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NVIDIA accuses Intel of fighting innovation with lawsuit

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February 20, 2009 8:46:58 PM

NVIDIA accuses Intel of fighting innovation with lawsuit

By Kasper Jade & Zach Spear
Published: 03:00 PM EST

A legal dispute between two chip giants turned bitter on Thursday when NVIDIA characterized a recent lawsuit from Intel as a low-blow effort to save its "decaying" CPU business by squeezing its competitors out of the market.

In a statement sent to AppleInsider, NVIDIA took Intel's allegations head-on and attempted to recast the issue as a transition between old and new technologies, insisting that a patent license agreement it signed with the chipmaker back in 2004 affords it the right to develop chipsets for both current and future generations of Intel processors.

"We are confident that our license, as negotiated, applies," said NVIDIA president and chief executive Jen-Hsun Huang. "At the heart of this issue is that the CPU has run its course and the soul of the PC is shifting quickly to the GPU."

"This is clearly an attempt to stifle innovation to protect a decaying CPU business," he added.

Intel, which sued the graphics technology leader in Delaware Chancery Court earlier this week, begs to differ. The world's largest chipmaker maintains that the 2004 agreement does not cover chipsets compatible with its forthcoming line of 'Nehalem' processors that incorporate integrated memory controllers, for which it believes NVIDIA is planning a new round of supporting chipsets.

For its part, NVIDIA claims to have tried for over a year to resolve the dispute between the two Santa Clara, Calif.-based firms "in a fair and reasonable manner." It chalks the lawsuit up to an act of desperation now that GPUs have gained prominence at the expense of traditional processors, such as those manufactured by Intel.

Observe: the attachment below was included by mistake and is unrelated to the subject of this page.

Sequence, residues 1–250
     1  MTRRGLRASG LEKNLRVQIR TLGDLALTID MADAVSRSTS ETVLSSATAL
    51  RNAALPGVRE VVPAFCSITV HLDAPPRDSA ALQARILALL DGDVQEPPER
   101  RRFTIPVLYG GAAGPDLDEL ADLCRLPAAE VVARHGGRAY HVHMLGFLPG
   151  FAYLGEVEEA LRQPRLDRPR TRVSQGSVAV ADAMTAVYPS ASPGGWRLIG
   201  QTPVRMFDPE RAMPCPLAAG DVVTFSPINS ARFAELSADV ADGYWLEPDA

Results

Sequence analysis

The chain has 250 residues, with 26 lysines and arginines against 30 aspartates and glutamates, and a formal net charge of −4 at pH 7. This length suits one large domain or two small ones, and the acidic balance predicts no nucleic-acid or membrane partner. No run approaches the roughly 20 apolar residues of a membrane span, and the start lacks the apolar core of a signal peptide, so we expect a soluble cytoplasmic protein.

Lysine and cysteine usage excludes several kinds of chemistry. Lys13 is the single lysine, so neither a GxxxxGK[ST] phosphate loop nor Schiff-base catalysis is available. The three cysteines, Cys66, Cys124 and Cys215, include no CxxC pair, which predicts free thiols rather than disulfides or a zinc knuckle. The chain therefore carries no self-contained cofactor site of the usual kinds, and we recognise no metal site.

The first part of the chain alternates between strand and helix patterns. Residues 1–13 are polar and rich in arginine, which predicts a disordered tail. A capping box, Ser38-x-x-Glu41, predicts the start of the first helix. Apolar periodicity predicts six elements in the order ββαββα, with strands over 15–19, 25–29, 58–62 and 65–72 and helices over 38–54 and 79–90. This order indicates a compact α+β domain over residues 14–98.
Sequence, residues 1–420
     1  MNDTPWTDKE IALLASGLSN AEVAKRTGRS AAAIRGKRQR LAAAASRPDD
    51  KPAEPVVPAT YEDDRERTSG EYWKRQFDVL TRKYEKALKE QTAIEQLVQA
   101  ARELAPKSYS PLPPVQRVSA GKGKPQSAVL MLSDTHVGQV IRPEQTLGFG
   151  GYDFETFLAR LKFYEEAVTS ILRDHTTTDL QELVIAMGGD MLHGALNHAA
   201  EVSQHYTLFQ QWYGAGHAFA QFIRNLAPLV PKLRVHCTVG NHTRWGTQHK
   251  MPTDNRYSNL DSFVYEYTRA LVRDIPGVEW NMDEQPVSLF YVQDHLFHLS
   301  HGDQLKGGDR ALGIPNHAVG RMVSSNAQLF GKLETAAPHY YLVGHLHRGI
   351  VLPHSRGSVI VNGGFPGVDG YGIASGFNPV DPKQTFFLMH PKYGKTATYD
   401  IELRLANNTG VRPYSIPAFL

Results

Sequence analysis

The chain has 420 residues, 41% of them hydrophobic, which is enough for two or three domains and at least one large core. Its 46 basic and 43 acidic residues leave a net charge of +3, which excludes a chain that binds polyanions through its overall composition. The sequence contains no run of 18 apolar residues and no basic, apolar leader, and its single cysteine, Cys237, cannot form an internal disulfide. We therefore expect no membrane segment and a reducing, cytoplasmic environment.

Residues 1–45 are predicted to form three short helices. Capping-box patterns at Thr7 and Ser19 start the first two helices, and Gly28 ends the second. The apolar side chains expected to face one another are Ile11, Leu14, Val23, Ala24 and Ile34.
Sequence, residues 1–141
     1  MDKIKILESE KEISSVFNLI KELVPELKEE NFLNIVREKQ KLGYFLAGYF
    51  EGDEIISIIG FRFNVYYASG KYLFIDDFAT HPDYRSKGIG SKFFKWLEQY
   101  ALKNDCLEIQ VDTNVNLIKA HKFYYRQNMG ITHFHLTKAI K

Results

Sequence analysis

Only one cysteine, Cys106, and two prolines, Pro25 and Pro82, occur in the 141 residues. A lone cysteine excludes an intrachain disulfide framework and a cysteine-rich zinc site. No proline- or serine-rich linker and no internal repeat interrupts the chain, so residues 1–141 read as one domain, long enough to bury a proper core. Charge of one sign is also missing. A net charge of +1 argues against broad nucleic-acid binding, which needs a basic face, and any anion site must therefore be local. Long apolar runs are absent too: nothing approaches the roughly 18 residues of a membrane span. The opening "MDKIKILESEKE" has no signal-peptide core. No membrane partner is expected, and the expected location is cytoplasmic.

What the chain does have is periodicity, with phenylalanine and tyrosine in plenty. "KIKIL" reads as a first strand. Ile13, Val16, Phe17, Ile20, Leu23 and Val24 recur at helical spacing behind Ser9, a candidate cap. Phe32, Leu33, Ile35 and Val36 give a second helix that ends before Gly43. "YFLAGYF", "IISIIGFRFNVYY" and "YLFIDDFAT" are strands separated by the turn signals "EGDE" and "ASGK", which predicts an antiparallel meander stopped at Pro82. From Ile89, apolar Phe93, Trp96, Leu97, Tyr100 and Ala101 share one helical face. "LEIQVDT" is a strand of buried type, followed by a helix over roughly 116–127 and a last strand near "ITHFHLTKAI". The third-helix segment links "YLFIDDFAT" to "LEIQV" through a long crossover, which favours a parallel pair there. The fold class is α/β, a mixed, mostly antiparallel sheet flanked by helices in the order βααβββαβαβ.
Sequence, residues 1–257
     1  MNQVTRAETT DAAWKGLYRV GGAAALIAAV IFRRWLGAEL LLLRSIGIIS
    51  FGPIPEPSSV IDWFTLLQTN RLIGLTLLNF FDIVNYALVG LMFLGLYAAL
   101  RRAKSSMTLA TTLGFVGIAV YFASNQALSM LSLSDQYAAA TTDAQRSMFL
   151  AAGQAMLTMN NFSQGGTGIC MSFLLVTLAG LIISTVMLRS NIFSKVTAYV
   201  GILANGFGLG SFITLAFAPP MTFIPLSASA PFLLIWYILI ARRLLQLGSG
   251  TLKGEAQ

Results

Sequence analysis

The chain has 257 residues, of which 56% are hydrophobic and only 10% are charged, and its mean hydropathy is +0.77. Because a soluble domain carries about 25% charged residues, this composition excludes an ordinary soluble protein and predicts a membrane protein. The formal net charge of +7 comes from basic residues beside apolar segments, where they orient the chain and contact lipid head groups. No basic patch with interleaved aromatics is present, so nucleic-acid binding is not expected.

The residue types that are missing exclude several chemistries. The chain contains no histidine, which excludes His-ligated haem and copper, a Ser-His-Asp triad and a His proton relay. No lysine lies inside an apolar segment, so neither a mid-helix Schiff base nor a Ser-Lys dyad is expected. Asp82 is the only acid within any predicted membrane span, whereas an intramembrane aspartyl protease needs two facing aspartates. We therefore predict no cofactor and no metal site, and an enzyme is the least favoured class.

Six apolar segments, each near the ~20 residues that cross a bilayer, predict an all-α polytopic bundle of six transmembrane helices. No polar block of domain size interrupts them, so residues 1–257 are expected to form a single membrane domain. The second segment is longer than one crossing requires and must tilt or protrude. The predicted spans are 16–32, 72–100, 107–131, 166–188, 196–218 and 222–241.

"Since signing the agreement, NVIDIA has offered innovations such as SLI, Hybrid power, and CUDA parallel processing. ION, the most recent innovation, integrates a powerful NVIDIA GPU, north bridge and south bridge into one compact die," NVIDIA said. "When combined with a CPU, ION enables a two-chip PC architecture for Intel processors two years ahead of Intel’s own solution."

NVIDIA also pointed to Apple's embrace of its new MCP79 chipset platform for its entire new line of notebooks including the MacBook Classic, MacBook Air, MacBook and MacBook Pro. The Mac maker was the first mainstream vendor to drop chipsets developed by Intel for those manufactured by NVIDIA. The move is believed to be a long-term technology shift on Apple's part, one which would be placed in jeopardy should Intel ultimately prevail with its lawsuit.

"Today, companies like Acer, Alienware, Asus, Dell, Falcon Northwest, Fujitsu, Gigabyte, HP, Lenovo, MSI, NEC, and Toshiba all ship exciting innovations created by NVIDIA as a result of its agreement with Intel," Huang said. "iven the broad and growing adoption of NVIDIA's platform innovations, it is not surprising that Intel is now initiating a dispute over a contract signed four years ago."

In the one shred of common ground surrounding the matter, both companies agree that their respective and current products are not part of this dispute. An Intel spokesperson told AppleInsider that the company hopes the two tech giants can continue to do business together going forward.

http://www.appleinsider.com/articles/09/02/19/nvidia_ac...
a c 127 à CPUs
February 21, 2009 7:46:14 AM

Quote:
Here's hoping it drags on and on and bankrupts them both. :D 


And be stuck with just AMD/ATI as one company and a stalemate in the CPU/GPU markets? No thanks.